I was out for a few drinks on Friday evening and unlocked my first Foursquare/American Express special. The connection between your location, the merchant, and American Express, all facilitated by Foursquare, is incredibly powerful.
It reminded me of an idea I pitched to American Express during a long series of job interviews back in 2007, while Foursquare’s founders were still working at Google. This was four months after the first iPhone hit the market, and well before the App Store was introduced.
Amex was keen to know what I thought the next market trend would be, and I immediately said “mobile” and pointed them to Dennis Crowley, now the founder of Foursquare, and said “just watch whatever he’s doing.” At the time, Dennis’ last company, Dodgeball, had been bought by Google, so I fully assumed that we’d see Google+Dodgeball rather than Foursquare. They wanted more, so I pitched them this:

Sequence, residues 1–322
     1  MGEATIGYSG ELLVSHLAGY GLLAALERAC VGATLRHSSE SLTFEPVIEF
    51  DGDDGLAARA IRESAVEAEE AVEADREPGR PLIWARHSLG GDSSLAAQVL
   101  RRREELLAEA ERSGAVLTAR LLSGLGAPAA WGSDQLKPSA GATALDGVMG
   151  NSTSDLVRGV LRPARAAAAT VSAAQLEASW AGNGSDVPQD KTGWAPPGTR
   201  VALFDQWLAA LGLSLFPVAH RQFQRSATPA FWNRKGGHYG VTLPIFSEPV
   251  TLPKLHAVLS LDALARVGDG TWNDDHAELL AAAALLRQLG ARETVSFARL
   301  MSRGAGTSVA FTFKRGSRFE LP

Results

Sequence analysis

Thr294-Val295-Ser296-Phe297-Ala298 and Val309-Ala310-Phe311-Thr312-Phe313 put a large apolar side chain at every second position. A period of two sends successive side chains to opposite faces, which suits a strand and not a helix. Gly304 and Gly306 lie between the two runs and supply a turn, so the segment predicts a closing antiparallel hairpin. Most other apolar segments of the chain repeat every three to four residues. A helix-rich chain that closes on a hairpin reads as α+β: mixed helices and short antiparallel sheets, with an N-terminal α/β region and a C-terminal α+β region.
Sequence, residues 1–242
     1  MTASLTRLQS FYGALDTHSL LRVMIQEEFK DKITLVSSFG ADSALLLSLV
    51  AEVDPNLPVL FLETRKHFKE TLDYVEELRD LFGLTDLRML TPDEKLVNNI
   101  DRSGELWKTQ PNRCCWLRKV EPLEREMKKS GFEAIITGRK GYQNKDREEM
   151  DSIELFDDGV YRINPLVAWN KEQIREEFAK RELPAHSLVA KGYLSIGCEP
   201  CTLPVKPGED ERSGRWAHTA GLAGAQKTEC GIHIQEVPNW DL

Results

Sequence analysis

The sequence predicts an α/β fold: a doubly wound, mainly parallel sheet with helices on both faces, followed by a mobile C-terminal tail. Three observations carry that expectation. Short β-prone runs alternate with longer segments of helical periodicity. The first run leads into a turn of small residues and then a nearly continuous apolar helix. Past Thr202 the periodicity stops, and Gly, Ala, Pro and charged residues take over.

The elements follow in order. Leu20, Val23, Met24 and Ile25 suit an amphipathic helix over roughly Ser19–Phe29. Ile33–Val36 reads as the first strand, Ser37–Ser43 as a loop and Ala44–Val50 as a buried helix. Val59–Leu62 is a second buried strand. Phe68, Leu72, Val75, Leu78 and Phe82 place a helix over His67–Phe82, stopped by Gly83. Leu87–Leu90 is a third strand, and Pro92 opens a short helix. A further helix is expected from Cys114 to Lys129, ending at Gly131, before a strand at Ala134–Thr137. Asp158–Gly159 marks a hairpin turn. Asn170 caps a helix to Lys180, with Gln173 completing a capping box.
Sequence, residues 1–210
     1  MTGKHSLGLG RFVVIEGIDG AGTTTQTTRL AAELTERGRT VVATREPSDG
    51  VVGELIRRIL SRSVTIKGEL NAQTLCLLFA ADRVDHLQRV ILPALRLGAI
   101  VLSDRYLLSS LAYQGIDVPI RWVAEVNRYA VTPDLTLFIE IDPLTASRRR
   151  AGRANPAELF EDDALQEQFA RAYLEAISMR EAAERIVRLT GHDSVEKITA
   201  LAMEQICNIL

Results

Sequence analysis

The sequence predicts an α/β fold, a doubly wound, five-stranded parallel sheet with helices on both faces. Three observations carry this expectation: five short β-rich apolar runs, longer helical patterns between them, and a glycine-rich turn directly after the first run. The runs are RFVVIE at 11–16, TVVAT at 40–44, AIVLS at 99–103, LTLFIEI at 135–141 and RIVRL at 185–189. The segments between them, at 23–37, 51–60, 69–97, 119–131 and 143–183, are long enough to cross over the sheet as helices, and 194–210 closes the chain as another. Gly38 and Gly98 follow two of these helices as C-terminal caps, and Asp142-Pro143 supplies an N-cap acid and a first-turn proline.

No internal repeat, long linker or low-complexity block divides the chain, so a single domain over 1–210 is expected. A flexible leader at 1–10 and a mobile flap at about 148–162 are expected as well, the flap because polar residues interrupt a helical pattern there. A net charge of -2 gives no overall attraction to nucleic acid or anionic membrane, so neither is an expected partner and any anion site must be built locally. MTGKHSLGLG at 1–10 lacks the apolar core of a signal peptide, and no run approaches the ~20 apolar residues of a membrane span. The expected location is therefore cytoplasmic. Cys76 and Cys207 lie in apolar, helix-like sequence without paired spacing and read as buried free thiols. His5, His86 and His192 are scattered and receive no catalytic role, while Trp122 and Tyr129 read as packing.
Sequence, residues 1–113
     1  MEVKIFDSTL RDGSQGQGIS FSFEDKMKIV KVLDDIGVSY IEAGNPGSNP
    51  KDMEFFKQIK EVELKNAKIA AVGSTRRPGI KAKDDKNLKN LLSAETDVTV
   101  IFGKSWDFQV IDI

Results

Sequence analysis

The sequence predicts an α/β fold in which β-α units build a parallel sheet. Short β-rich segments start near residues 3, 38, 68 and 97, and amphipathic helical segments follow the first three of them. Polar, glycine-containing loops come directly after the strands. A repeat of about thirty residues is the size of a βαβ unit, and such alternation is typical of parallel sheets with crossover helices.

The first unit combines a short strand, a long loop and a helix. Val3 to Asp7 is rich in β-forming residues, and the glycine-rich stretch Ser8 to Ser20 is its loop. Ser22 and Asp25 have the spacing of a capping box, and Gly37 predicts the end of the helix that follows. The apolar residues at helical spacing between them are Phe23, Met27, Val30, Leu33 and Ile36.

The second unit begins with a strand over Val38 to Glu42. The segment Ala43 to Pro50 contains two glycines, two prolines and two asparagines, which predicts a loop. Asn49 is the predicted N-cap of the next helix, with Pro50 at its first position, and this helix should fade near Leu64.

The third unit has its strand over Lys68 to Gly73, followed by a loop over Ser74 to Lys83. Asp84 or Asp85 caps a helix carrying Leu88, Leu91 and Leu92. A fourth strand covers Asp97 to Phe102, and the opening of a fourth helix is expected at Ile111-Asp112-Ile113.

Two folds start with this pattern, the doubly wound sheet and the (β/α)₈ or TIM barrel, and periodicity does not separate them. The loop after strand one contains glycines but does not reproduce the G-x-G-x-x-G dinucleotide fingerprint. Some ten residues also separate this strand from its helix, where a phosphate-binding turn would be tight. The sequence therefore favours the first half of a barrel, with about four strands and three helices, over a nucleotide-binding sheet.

Smartphones are going to become an integral piece of peoples’ lives, and as they tie further to location, Amex is presented with a unique opportunity to increase card-spend by aggregating purchase data and using it to make suggestions to cardmembers based on location.
For instance, if I’m a Platinum Card holder traveling to Phoenix for business, I may need to take some clients out to dinner. But I’ve never been to Phoenix, so I have no idea where to take them. I could rely on Zagat or a similar product, but what I’d rather know is where other Platinum Card members like to take business colleagues for dinner.
The beauty is that you have all this data. By anonymizing and aggregating cardmember and card spend data, you can start building a platform now that’s ready to perform when technology inevitably catches up and becomes more location-aware.
I didn’t get the job. But it was fun to see that there is indeed now a partnership between Crowley and American Express. More importantly, I’m firmly convinced that we’ve only explored the first 1-2% of the location space and am looking forward to helping create what’s next.